artWhy Sarah Lucas is the perfect choice to represent British art at the Venice Biennale
Arts and Entertainment
No Offence
tvReview: No Offence has characters who are larger than life and yet somehow completely true to life at the same time spoiler alert
Chuck Norris pictured in 1996
  • Get to the point
Latest stories from i100
Have you tried new the Independent Digital Edition apps?
Independent Dating

By clicking 'Search' you
are agreeing to our
Terms of Use.

iJobs Job Widget
iJobs General

SThree: Trainee Recruitment Consultant - Dublin

£13676.46 - £16411.61 per annum + OTE: SThree: SThree Trainee Recruitment Cons...

Ashdown Group: Marketing or Business Graduate Opportunity - Norwich - £22,000

£18000 - £22000 per annum + training: Ashdown Group: Business and Marketing Gr...

SThree: Trainee Recruitment Consultant

£20000 - £25000 per annum + Commission: SThree: Are you great at building rela...

Ashdown Group: Database Analyst - Birmingham - £22,000 plus benefits

£20000 - £22000 per annum + excellent benefits: Ashdown Group: Application Sup...

Day In a Page

General Election 2015: Ed Miliband's unlikely journey from hapless geek to heart-throb

Miliband's unlikely journey from hapless geek to heart-throb

He was meant to be Labour's biggest handicap - but has become almost an asset
General Election 2015: A guide to the smaller parties, from the the National Health Action Party to the Church of the Militant Elvis Party

On the margins

From Militant Elvis to Women's Equality: a guide to the underdogs standing in the election
Amr Darrag: Ex-Muslim Brotherhood minister in exile still believes Egypt's military regime can be replaced with 'moderate' Islamic rule

'This is the battle of young Egypt for the future of our country'

Ex-Muslim Brotherhood minister Amr Darrag still believes the opposition can rid Egypt of its military regime and replace it with 'moderate' Islamic rule, he tells Robert Fisk
Why patients must rely less on doctors: Improving our own health is the 'blockbuster drug of the century'

Why patients must rely less on doctors

Improving our own health is the 'blockbuster drug of the century'
Sarah Lucas is the perfect artist to represent Britain at the Venice Biennale

Flesh in Venice

Sarah Lucas has filled the British pavilion at the Venice Biennale with slinky cats and casts of her female friends' private parts. It makes you proud to be a woman, says Karen Wright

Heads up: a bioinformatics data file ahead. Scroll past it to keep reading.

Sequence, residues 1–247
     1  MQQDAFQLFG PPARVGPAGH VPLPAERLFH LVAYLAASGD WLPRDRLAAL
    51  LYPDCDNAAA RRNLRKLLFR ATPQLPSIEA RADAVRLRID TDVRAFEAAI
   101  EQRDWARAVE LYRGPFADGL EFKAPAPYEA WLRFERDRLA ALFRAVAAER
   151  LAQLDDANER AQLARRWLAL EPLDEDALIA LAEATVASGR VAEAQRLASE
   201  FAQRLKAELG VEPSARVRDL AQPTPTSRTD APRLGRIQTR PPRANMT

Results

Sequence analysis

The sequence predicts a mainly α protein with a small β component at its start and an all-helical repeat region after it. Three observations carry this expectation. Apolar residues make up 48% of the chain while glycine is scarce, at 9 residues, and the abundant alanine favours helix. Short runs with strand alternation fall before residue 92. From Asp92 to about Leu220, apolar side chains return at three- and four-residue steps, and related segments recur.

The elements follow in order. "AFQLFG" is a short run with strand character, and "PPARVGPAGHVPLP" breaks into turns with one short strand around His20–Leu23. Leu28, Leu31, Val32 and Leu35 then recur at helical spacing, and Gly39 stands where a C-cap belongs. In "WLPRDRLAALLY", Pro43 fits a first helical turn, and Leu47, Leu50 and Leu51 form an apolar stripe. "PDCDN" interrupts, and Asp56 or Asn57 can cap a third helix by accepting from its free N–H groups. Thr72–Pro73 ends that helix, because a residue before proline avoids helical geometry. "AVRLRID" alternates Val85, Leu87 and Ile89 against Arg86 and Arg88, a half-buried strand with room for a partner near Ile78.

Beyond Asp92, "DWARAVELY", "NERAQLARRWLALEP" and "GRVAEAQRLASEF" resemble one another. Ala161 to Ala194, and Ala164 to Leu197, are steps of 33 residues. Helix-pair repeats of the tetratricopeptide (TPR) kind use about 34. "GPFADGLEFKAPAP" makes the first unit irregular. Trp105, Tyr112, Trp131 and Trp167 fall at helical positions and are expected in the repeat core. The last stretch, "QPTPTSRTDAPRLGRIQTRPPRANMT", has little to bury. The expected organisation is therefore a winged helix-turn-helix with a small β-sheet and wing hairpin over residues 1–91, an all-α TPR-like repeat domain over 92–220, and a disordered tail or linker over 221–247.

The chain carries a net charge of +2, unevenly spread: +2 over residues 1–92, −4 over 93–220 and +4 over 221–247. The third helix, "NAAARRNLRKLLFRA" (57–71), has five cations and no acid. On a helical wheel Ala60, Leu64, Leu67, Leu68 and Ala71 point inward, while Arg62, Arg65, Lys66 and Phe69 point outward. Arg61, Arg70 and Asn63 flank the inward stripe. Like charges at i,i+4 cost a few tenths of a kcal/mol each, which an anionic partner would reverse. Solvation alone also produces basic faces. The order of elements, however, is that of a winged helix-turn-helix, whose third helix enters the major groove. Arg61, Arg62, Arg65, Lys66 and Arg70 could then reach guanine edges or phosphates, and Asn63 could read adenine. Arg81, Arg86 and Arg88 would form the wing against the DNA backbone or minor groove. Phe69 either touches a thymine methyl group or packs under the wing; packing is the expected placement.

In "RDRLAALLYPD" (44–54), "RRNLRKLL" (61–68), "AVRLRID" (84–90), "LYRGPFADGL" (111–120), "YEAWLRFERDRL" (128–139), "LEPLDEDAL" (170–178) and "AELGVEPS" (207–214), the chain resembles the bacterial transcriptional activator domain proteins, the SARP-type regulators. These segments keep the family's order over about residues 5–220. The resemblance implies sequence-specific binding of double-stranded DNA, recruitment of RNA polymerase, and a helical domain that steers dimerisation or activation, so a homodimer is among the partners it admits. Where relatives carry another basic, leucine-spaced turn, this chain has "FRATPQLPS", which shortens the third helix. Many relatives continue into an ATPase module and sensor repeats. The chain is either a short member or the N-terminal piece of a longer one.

11 best anti-ageing day creams

11 best anti-ageing day creams

Slow down the ageing process with one of these high-performance, hardworking anti-agers
Juventus 2 Real Madrid 1: Five things we learnt, including Iker Casillas is past it and Carlos Tevez remains effective

Juventus vs Real Madrid

Five things we learnt from the Italian's Champions League first leg win over the Spanish giants
Ashes 2015: Test series looks a lost cause for England... whoever takes over as ECB director of cricket

Ashes series looks a lost cause for England...

Whoever takes over as ECB director of cricket, says Stephen Brenkley
Fishing for votes with Nigel Farage: The Ukip leader shows how he can work an audience as he casts his line to the disaffected of Grimsby

Fishing is on Nigel Farage's mind

Ukip leader casts a line to the disaffected
Who is bombing whom in the Middle East? It's amazing they don't all hit each other

Who is bombing whom in the Middle East?

Robert Fisk untangles the countries and factions
China's influence on fashion: At the top of the game both creatively and commercially

China's influence on fashion

At the top of the game both creatively and commercially
Lord O’Donnell: Former cabinet secretary on the election and life away from the levers of power

The man known as GOD has a reputation for getting the job done

Lord O'Donnell's three principles of rule
Rainbow shades: It's all bright on the night

Rainbow shades

It's all bright on the night
'It was first time I had ever tasted chocolate. I kept a piece, and when Amsterdam was liberated, I gave it to the first Allied soldier I saw'

Bread from heaven

Dutch survivors thank RAF for World War II drop that saved millions
Britain will be 'run for the wealthy and powerful' if Tories retain power - Labour

How 'the Axe' helped Labour

UK will be 'run for the wealthy and powerful' if Tories retain power